Smartphone giants and wannabes square off

iOS and Android jockey for supremacy, while Windows Phone and BlackBerry scramble for footing

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But honestly, guys, how much are you really missing? InfoWorld's Galen Gruman delivered a review this week that rules it's strike three for Microsoft's Windows Phone. Windows Phone 8 adds basic compatibility with corporate Exchange server security settings but not much else, according to Gruman. And "Windows Phone's user interface remains a frustrating blend of simplistic and difficult, with occasional touches of brilliance that render the poor usability even more frustrating."

In the really-reaching-for-good-news department: Microsoft did announce this week that it will issue an over-the-air fix next month for a problem that has caused some Windows Phone 8 phones to randomly reboot themselves. And there are reports that a Microsoft will launch its own-brand Surface smartphone next year. Those rumors are based on word that Foxconn has apparently received orders from Microsoft to manufacture such a smartphone. Why a Surface smartphone? For the same reason Microsoft released its own Surface tablet: Because device makers just don't seem that interested or committed, leaving only Microsoft to actively fly the flag.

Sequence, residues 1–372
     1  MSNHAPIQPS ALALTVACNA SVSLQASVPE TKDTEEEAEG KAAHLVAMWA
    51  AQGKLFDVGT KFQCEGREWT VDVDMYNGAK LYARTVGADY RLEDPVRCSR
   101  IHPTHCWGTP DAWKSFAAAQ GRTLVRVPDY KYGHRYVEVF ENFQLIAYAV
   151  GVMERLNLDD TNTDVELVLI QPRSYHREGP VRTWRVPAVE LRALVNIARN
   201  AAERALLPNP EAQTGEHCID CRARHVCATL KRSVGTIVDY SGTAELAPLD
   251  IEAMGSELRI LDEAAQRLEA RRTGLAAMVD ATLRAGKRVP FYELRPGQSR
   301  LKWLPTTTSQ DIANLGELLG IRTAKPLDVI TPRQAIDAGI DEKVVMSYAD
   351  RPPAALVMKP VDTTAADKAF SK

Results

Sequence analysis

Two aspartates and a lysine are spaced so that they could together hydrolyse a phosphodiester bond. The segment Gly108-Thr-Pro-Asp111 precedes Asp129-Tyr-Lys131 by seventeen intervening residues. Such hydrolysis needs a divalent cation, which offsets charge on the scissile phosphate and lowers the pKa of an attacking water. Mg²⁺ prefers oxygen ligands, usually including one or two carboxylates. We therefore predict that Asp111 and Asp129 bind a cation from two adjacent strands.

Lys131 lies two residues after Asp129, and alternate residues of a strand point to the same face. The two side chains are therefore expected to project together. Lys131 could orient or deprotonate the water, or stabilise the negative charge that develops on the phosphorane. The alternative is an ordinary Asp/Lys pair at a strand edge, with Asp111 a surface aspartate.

Every one of Microsoft's missteps with Windows Phone is giving BlackBerry a new shot at life, says Gruman in this week's Mobile Edge blog. Research in Motion has been on a roll of late: With BlackBerry 10 due to launch on Jan. 30, 2013, the company is moving to stem vital government users' defection to the iPhone by for the first time having a BlackBerry product FIPS-certified ahead of release. The certification means that U.S. government agencies around the globe will be able to deploy BlackBerry 10 smartphones and BlackBerry Enterprise Service 10 from the day of launch

And this week RIM introduced the BlackBerry Dev Alpha C, which is a smartphone prototype that developers can use to test their applications. The company's latest move aims to ensure that applications can run on the new BlackBerry 10 QWERTY smartphone when it ships.

RIM seems to be making the right moves for a successful launch of BlackBerry 10, which could help it hang onto its No. 3 position in the smartphone market ahead of the also-ran Windows Phone.

This story, "Smartphone giants and wannabes square off," was originally published at Get the first word on what the important tech news really means with the InfoWorld Tech Watch blog. For the latest developments in business technology news, follow on Twitter.

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